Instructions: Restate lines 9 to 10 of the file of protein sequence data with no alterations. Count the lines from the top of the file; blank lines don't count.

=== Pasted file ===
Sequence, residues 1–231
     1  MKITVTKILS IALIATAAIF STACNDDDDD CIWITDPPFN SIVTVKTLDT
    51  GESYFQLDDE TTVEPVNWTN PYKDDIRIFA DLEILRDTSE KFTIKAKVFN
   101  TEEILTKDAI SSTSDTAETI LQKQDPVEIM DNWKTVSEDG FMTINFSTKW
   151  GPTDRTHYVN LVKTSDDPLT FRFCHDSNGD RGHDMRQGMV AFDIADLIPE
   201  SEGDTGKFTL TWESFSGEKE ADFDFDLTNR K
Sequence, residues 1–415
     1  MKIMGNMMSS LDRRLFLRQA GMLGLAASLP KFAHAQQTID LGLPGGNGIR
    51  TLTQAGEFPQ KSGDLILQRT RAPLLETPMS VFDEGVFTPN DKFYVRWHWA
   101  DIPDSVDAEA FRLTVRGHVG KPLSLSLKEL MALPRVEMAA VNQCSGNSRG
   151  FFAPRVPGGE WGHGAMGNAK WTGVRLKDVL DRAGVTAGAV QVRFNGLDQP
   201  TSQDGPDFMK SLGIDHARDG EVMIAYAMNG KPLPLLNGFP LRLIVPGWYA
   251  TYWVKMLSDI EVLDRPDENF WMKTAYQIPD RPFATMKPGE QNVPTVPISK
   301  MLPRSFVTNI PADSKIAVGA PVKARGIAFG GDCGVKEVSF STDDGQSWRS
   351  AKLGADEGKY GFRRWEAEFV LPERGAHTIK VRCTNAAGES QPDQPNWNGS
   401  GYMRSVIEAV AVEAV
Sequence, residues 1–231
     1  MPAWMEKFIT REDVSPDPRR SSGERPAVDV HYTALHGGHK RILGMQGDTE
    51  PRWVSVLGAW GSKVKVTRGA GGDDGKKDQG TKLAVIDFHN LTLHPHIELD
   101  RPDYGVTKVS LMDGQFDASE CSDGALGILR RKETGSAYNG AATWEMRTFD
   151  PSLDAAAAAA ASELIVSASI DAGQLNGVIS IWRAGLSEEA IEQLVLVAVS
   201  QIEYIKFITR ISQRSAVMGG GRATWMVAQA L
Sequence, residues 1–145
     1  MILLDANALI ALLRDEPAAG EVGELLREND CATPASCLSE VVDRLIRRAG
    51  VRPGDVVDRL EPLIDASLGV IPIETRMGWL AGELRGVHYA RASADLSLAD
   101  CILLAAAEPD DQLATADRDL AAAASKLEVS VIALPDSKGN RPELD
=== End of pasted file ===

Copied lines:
    51  TLTQAGEFPQ KSGDLILQRT RAPLLETPMS VFDEGVFTPN DKFYVRWHWA
   101  DIPDSVDAEA FRLTVRGHVG KPLSLSLKEL MALPRVEMAA VNQCSGNSRG